Collection of Documents "The Deported. 14 June 1941" – Monument for the Deported People of Latvia
On 11 June the opening ceremony of a collection of documents "The Deported. 14 June 1941" comprising documentary evidences on the exact scale of the deported persons from Latvia to Siberia was held. The collection of documents specifies the place of birth and death of the deportees or the date of returning from exile to Latvia, as well as the economic, social and demographic aspects and preparation of the unlawful actions taken by the Soviet authorities in the territory of Latvia on 14 June 1941.
The collection consists of lists of the deported persons, documents, verdicts, maps, and tables. The former estimations showed that some 14,000 people were deported from Latvia on 14 June 1941 whereas the research has revealed that the number of the deported amounts to 15,424.
In the foreword of the collection, the Director of the State Archives of Latvia Ms Daina Klavina writes: "60 years have passed by since one of the most terrifying tragedies of our nation – first mass deportation of Latvia's inhabitants happened. (..) This book will give a better understanding on the events of 14 June 1941 both for Latvia's and the international society. The authors of the book tried to trace the fate of people by specifying and completing the lists of the deported, as well as keeping alive the remembrance of those people whose life ended in the exile and expressing respect to those who survived and returned to the homeland without losing hope to see Latvia independent again."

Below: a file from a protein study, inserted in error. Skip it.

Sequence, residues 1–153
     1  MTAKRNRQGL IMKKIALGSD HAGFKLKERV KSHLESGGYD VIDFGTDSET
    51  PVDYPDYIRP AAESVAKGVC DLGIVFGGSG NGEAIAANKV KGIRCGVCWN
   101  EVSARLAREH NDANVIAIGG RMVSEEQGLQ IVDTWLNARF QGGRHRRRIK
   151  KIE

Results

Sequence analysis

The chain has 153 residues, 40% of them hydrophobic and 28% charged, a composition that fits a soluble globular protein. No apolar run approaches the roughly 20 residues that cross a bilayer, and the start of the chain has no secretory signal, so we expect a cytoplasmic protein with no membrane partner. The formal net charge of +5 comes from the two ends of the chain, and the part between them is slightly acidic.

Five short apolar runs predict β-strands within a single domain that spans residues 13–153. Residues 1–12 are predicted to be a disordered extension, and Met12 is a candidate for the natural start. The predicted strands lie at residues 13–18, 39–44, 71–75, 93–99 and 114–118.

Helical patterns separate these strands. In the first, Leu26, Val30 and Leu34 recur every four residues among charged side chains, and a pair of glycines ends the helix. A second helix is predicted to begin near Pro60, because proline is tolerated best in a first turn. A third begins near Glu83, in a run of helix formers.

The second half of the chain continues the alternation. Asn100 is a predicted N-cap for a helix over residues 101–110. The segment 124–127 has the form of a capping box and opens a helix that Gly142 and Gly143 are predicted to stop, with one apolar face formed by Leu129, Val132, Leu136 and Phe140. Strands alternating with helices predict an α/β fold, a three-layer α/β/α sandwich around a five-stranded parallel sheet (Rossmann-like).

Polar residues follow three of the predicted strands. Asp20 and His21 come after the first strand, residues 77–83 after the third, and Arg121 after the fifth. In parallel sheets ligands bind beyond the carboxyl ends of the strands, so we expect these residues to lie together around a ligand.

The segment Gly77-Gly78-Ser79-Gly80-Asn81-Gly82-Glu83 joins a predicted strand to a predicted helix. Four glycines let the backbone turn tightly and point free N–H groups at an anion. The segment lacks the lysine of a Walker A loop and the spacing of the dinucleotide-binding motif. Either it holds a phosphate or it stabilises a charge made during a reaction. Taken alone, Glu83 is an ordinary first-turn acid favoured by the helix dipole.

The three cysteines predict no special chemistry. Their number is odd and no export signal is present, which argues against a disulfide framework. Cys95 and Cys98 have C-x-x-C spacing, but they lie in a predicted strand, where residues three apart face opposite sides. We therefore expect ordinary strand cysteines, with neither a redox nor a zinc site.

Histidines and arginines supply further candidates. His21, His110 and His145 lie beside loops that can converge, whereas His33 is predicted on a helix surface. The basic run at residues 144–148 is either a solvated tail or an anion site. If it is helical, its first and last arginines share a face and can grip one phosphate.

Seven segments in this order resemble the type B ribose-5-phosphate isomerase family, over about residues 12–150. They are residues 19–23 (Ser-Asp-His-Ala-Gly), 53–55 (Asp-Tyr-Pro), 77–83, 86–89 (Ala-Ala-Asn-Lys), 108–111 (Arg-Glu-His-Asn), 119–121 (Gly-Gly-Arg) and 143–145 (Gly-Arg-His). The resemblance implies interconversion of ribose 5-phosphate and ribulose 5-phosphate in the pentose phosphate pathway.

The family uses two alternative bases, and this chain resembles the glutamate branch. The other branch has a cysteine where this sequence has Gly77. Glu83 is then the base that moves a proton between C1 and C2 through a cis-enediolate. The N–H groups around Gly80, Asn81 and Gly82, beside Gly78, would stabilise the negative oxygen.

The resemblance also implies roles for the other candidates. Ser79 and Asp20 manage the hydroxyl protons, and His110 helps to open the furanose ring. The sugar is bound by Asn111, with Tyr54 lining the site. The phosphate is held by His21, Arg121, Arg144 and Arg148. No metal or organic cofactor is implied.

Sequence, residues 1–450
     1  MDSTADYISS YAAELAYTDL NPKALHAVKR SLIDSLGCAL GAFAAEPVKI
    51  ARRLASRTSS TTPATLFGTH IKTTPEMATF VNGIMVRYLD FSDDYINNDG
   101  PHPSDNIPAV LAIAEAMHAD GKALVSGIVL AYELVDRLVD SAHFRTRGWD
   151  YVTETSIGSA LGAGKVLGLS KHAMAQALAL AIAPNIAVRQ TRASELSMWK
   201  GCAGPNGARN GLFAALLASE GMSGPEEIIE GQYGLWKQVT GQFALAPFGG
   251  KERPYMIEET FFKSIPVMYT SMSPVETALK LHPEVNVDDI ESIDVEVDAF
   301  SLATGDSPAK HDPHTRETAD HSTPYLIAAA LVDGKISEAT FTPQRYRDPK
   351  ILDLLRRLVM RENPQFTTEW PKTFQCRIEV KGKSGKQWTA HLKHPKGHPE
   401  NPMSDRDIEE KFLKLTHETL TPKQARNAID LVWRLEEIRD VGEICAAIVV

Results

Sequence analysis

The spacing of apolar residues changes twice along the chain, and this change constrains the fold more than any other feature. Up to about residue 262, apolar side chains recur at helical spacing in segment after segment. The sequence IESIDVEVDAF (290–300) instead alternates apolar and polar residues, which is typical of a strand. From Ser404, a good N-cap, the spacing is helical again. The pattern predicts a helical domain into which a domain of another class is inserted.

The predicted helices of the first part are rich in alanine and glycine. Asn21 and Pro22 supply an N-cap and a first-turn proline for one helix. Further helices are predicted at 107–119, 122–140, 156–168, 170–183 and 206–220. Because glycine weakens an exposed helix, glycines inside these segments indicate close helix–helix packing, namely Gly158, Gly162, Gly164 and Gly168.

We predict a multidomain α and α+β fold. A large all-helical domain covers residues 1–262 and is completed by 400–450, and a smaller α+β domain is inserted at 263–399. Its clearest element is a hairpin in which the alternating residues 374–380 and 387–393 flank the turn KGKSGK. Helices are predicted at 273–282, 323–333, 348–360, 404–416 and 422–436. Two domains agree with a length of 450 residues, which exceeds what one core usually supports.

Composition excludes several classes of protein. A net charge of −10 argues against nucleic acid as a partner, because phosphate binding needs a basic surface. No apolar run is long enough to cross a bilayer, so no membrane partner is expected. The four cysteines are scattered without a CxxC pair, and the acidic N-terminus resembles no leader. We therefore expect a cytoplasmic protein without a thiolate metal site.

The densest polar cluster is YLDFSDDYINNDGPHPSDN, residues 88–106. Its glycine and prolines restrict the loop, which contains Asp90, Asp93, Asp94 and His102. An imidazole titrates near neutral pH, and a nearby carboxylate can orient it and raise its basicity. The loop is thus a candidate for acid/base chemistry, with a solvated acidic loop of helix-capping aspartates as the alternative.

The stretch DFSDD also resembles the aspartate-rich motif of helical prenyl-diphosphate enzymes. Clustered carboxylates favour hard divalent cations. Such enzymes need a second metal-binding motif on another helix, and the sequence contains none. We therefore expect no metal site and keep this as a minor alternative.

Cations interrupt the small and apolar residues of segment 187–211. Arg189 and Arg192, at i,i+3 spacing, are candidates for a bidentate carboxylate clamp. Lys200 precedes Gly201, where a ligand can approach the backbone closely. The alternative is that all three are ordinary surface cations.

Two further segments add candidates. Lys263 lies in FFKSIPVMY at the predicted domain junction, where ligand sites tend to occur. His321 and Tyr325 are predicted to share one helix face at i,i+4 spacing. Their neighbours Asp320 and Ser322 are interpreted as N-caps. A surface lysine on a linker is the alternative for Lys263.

"On that night deep and grievous wounds were inflicted on our nation with long-lasting consequences, close or far they have affected every inhabitant of Latvia," the President of Latvia Dr Vaira Vike-Freiberga said at the presentation of the book. "Everyone could have been among the deported and affected by those events. It is a simple coincidence that some people of Latvia were deported and others stayed at home. That insane the Communist power was." Dr Vike-Freiberga pointed out that for many of the deported persons "their names recorded in the book will be the only monument in remembrance of them".
The collection of documents is available in Latvian, Russian, and English, in edition of 1,000 copies that are distributed to the deported persons and libraries of Latvia. Both the Government of Latvia and individual donors provided financial support for the publication of "The Deported".
The State Archives of Latvia
Bezdeligu 1, Riga,
LV 1007, Latvia
Tel.: (+371) 2 462 317
Foreign Ministry Unveils Exhibition Dedicated to the Deported and Repressed Latvian Foreign Service Personnel after 1940
On 14 June in the premises of the Riga City Council, former building of the Ministry of Foreign Affairs, an exhibition "Political Persecution of Latvian Foreign Service Personnel in the Wake of the Soviet Occupation of Latvia" organised by the Ministry of Foreign Affairs was opened by the Minister of Foreign Affairs Mr Indulis Berzins, as well as the Deputy Head of the City Council Ms Inese Vaidere and the Head of the History Commission Mr Andris Caune.